Is the framework you use open source?
    Ryan Webber
    @rwebber
    Thats cool, thats why i'm asking.
    I'm building personal plugins for Isadora (a visual programming environment for art). I am working mostly with external executables I have created in OpenFrameWorks (open source c++ creative coding framework), I plan on making my plugin code opensource, but Isadora is not.
    Thanks for all the feedback.. I have zero experience with coding on Mac or Linux, so the difference in how processes are handled is all new to me.
    Daan De Meyer
    @DaanDeMeyer
    The process stuff on MacOS/Linux is definitely not as straightforward as it is on Windows
    I might have a solution although its a bit hacky
    After a process is started using reproc_start the reproc_type struct stores all the necessary information for further calls to reproc.
    image.png
    You might be able to send all the fields separately between contexts and reconstruct the reproc_type struct manually in the new context and call reproc's function for stopping a process.
    The transferring code would be platform specific since the reproc_type struct contains different information depending on the platform but the rest of the code would still be cross platform.
    Daan De Meyer
    @DaanDeMeyer
    This does assume stuff like handles and open file descriptors are shared between contexts
    Daan De Meyer
    @DaanDeMeyer
    and that you can send a handle pointer as a number between contexts
    Boris Staletic
    @bstaletic
    I'm going to go offtopic again. Considering there was no talk here since the end of january, I'm guessing that's not so much of a problem.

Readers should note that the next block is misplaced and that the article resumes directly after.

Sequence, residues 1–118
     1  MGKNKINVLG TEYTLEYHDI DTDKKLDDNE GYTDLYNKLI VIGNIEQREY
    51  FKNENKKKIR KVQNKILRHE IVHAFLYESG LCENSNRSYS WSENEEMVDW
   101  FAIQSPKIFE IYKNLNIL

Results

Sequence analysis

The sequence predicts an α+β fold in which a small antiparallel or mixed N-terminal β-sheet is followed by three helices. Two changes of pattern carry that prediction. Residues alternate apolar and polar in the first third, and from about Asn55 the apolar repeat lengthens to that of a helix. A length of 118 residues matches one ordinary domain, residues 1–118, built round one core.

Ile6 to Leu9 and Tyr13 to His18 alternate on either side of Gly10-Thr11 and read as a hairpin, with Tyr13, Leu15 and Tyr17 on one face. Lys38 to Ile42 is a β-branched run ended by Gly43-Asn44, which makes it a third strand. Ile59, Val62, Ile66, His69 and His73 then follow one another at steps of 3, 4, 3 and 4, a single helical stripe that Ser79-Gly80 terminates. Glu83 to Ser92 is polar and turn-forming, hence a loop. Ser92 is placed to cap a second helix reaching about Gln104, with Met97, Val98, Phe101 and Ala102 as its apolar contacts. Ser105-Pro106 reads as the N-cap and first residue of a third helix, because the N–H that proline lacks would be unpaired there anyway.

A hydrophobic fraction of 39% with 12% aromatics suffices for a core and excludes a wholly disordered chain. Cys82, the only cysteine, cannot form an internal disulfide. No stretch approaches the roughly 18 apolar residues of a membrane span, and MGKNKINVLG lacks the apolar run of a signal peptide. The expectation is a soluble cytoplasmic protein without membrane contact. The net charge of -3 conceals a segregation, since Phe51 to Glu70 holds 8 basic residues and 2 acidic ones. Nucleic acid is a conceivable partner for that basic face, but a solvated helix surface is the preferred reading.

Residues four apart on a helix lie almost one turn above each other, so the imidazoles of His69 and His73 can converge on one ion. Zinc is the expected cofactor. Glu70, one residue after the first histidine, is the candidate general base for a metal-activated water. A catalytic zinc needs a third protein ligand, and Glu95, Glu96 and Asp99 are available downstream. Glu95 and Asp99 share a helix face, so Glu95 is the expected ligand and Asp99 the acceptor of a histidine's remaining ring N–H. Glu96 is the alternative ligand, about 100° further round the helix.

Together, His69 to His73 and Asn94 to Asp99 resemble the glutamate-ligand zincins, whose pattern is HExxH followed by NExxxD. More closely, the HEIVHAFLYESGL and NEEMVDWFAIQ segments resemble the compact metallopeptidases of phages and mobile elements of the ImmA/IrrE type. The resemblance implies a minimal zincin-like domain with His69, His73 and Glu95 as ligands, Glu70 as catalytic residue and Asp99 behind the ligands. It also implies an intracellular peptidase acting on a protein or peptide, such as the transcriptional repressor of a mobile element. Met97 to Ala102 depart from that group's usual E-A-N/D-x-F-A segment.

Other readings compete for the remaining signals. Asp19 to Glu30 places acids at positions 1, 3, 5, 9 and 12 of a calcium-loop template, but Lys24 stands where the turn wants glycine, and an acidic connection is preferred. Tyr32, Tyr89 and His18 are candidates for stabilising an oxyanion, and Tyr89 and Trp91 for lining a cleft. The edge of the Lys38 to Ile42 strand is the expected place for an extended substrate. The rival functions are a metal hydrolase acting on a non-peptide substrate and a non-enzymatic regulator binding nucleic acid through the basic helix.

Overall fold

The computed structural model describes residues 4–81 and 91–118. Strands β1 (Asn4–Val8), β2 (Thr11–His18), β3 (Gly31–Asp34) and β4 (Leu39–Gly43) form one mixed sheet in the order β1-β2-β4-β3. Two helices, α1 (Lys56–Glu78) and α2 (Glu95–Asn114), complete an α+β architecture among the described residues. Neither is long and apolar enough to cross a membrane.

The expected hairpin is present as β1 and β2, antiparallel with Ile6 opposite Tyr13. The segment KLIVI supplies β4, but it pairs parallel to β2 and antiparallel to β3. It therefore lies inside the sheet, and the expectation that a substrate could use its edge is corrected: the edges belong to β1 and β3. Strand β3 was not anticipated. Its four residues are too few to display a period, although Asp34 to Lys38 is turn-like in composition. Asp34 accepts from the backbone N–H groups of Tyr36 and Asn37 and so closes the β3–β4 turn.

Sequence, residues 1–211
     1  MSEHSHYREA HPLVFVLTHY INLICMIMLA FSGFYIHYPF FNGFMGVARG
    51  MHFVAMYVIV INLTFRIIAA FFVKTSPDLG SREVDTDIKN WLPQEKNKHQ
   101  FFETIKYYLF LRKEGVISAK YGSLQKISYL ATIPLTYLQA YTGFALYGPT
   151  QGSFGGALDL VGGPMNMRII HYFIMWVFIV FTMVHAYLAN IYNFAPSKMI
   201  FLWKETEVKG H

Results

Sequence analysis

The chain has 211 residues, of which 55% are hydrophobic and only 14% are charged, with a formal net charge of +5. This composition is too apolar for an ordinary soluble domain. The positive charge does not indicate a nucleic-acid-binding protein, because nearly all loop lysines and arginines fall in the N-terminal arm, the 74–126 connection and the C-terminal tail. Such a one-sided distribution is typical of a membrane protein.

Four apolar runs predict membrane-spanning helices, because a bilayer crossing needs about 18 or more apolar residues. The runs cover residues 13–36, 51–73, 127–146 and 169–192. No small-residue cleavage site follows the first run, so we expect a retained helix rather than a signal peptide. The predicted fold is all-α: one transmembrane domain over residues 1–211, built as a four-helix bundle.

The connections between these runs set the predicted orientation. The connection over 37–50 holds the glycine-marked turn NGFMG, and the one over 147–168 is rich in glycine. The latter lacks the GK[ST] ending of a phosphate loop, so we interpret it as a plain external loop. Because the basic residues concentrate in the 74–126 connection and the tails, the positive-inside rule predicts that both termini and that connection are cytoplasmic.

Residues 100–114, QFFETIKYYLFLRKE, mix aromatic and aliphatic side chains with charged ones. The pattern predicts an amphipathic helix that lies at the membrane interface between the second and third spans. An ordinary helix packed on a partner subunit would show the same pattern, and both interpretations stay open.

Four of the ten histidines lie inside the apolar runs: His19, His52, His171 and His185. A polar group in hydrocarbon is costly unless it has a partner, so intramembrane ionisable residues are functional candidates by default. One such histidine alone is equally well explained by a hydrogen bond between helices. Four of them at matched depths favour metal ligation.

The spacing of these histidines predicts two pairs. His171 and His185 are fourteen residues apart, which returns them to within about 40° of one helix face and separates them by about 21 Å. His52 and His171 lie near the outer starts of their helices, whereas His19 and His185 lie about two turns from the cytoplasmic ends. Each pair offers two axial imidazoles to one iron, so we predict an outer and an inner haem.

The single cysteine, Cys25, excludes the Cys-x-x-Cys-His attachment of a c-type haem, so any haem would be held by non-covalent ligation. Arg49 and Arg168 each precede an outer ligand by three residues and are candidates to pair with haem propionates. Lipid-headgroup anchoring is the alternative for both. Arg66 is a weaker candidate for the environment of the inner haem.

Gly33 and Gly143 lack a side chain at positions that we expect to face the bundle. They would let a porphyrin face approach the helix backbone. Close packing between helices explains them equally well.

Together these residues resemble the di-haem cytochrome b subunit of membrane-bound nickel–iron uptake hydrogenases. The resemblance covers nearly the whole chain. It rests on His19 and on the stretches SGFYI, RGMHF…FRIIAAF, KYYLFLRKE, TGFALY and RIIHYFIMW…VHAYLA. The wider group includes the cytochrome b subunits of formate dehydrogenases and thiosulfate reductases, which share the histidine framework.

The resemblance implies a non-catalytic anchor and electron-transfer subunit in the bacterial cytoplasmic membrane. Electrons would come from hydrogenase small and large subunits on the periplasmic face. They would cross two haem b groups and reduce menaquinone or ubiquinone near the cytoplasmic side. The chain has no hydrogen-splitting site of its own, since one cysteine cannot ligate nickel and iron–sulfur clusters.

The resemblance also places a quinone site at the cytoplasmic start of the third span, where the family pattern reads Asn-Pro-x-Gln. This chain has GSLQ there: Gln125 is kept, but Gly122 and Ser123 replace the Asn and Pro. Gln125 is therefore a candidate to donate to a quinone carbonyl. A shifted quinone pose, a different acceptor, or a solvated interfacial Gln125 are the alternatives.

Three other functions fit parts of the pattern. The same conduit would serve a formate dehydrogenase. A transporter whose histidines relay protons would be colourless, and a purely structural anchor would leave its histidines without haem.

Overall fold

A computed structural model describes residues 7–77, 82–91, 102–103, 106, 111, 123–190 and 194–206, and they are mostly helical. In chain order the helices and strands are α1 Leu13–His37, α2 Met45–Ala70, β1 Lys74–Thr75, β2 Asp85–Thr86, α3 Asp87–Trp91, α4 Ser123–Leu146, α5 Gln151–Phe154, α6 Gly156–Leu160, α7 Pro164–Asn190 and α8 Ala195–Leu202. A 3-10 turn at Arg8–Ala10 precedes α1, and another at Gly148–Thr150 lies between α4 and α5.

I was playing with Intel's PrallelSTL and in about 5 minutes got to the point where std::sort of 65k elements works as fast as std::partial_sort of 10 (out of 65k total) elements.
    Daan De Meyer
    @DaanDeMeyer
    I'm assuming that's impressive?
    Boris Staletic
    @bstaletic
    The complete std::sort has, considering O(nLogn), has ~5 times more work, but it gets completed in about the same wall time. I do think it's impressive.
    Daan De Meyer
    @DaanDeMeyer
    @bstaletic Thanks for the mention in the Belfast trip report post.
    Boris Staletic
    @bstaletic
    Don't mention it. My first thought was "What trip report? I wasn't in Belfast!"
    Daan De Meyer
    @DaanDeMeyer
    I randomly checked the Traffic report on Github and noticed people were visiting reproc from the belfast trip report post. Never expected that to be the origin of visits
    us-army-uses-reproc.jpg
    Boris Staletic
    @bstaletic